September 8 - October 21
Opening 8 September, 6-9pm
In Pooneh Maghazehe’s work, we see various sets of twins, both split and duplicated. Halved bodies remain in concert, doubled visages lead parallel lives. They are a complicated family. However, her form of twinning is not biological, but more akin to a kind of historical and psychological orthopedics - doubling, cutting, and salvaging without predetermined destinies. Twins caused anxiety for both ancient and pre-modern societies and were often explained through polarities of wonder or horror. They became the bearers of dichotomous creation, as well as instillers of ambiguity, and the guardians of fragile humans, as if they were extra-ordinary. Perhaps the most famous historical set of twins are Castor and Pollux, half-twin brothers of myth, immortalized in the constellation Gemini as well as through various sculptures, paintings, and drawings. Altogether, they describe a mythography and symbology that connects them with sailors, horses, and war. The brothers came to help those in need, or in dire straits. Their association with horses can often be seen in them riding horses, or simply as horses themselves - noble and victorious.
Maghazehe’s horses are not calm and victorious like Castor and Pollux, they are heaving, frothy, and hissing. They are duplicates - cast from the same mold, but then changed and remade, becoming like the stories they tell: conflicted. Like Gothic grotesques, Maghazehe’s animals are charged with expressive excess, but their symbolic presence is nearly inverted. Animals became conduits for various traits associated with their better and worse selves. Lambs go up, goats go down. Doves go up, gulls go down. While apes, monkeys, and baboons have a more complicated history - one that marches closer to the rhythm of the Enlightenment. Maghazehe uses animals to oppose the nature we artificially gave them, the essences we invented for them and then naturalized.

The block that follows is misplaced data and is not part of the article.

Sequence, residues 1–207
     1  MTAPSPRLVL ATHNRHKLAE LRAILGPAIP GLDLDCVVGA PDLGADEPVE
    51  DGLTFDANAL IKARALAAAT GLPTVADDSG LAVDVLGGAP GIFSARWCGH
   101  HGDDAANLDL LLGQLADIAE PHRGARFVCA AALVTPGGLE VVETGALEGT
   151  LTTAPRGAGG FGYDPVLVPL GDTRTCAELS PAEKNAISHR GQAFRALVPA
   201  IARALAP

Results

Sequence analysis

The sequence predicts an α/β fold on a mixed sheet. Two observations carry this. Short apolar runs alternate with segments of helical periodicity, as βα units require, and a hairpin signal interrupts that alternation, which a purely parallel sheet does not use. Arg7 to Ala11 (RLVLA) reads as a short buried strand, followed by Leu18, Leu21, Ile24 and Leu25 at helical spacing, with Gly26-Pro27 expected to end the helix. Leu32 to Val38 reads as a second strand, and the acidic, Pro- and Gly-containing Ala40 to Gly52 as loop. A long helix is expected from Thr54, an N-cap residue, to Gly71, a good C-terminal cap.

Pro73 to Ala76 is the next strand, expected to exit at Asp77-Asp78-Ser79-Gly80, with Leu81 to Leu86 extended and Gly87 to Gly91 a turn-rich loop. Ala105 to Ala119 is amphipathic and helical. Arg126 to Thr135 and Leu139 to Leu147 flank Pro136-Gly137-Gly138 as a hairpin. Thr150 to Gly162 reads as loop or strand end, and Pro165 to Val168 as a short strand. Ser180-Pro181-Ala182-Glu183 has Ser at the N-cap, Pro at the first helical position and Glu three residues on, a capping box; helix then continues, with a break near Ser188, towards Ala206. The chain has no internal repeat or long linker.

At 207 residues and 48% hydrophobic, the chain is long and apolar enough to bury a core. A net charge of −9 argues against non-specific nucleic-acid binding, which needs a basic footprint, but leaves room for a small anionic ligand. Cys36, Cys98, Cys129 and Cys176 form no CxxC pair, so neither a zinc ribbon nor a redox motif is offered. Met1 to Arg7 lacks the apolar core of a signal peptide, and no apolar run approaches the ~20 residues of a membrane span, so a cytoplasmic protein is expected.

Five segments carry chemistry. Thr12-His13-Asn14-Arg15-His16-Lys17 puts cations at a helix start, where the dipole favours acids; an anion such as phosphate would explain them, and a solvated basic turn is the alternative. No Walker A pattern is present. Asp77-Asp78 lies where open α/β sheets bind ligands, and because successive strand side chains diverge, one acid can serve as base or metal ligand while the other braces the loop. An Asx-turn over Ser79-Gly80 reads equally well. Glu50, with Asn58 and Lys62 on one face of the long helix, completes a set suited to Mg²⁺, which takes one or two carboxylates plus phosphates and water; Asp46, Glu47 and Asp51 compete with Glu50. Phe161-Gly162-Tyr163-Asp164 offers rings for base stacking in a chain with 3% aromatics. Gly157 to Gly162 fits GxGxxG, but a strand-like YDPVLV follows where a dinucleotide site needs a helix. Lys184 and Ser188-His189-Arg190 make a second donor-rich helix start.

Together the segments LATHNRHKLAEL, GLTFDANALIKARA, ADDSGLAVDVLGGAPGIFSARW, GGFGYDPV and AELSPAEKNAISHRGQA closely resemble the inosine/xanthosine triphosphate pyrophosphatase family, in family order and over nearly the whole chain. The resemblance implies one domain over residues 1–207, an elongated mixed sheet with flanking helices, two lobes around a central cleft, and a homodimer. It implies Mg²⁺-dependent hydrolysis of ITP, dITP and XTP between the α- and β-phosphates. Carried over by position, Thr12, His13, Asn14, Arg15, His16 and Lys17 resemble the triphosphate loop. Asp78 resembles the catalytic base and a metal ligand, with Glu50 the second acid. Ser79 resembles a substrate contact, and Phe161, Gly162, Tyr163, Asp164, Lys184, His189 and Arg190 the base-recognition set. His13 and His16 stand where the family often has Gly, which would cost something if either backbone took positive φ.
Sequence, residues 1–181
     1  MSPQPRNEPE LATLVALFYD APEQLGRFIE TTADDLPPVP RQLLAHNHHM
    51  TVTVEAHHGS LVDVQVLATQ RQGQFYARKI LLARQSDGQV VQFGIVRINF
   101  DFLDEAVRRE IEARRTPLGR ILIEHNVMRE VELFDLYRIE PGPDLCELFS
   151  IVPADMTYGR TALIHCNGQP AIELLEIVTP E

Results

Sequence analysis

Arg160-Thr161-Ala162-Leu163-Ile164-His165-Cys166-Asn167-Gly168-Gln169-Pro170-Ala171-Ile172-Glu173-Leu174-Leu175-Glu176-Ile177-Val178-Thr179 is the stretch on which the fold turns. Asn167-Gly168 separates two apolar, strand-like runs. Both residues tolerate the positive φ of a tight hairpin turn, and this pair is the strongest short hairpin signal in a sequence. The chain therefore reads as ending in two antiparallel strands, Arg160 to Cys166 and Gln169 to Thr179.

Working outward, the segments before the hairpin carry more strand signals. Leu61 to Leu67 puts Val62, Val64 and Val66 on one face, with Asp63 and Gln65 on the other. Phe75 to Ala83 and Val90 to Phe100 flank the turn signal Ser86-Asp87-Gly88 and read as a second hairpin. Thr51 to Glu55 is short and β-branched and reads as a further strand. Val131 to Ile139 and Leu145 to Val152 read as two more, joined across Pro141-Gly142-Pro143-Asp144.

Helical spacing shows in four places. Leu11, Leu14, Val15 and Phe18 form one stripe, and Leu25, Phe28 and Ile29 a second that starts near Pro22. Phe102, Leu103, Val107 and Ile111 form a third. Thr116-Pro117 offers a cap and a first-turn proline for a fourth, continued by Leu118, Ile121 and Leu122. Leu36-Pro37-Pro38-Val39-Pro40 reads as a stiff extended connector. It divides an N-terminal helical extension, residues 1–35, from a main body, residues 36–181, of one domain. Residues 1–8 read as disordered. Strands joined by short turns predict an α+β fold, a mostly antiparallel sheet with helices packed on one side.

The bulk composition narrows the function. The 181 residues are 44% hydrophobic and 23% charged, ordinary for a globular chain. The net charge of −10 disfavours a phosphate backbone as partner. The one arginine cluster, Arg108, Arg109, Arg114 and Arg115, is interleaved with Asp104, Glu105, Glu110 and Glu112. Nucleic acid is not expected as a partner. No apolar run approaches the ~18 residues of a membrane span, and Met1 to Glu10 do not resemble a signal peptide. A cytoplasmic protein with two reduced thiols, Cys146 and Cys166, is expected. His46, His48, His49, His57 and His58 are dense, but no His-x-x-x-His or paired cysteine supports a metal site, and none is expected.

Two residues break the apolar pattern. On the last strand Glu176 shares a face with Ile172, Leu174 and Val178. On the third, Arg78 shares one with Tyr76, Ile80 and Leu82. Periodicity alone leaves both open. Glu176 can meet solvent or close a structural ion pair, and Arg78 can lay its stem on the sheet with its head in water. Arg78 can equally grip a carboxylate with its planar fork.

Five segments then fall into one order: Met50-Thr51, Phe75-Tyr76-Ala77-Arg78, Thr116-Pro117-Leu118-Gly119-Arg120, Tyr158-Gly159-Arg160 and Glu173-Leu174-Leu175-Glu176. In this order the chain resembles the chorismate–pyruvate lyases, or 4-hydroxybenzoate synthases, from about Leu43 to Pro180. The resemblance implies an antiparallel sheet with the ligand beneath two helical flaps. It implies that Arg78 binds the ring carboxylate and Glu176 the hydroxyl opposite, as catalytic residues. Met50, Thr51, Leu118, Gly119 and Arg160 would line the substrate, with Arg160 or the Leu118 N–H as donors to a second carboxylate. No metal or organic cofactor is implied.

Maghazehe’s questions appear in her materials. Twins and grotesques serve as possible avenues for understanding a body that does not and cannot need divine permission. These bodies are asking the questions of how we find worldly permission to be ourselves against ourselves, how we wrestle with the multiplicity of gained and sloughed off versions of ourselves. The goat, once associated with the demonic, appears beatific in Maghazehe’s hands. Its gaze, amidst the sculpture’s material provocations, is without fear, without pain - content. Her baboons are split open, like an ancient obelisk just discovered to be hollow, untouched and perfectly velveteen. Her gulls are warring with themselves, cut along variously torquing axes, distributing sculptural weight along the lines of implied psychological heft. Their shrieking faces are contained in the suede-like colors, like an antacid for excessive form. Each body, split, or mirrored, or doubled, all seem to be in the complicated act of discovery.
Without a divinely plotted path, each figure must understand itself to be something headed towards nothing, sometimes battling with the nothings of the everyday, and the cuts, measures and motions of their forms aim to hold this something and nothing together.
Ajay Kurian is an artist and writer. He lives and works in Brooklyn. He is represented by 47 Canal in New York and Sies+Höke in Germany.
Pooneh Maghazehe is an artist based in Brooklyn, New York. She earned an MFA from Columbia University and MS in Interior Architecture from Pratt Institute. She has exhibited works and collaborative performances nationally and internationally, including ZKM Center for Art, Beijing 798 Biennale, DePaul University Museum, ICA Philadelphia, and ICA Portland. Recent group exhibitions include Stepsister Gallery, Marinaro, Columbus Property Management and Hot Mud Fest with JAG Projects; forthcoming solo presentations include Resort Gallery in Baltimore and Brennan & Griffen in NYC. She teaches at Maryland Institute College of Art, and is the founder of LM//PM Productions LLC.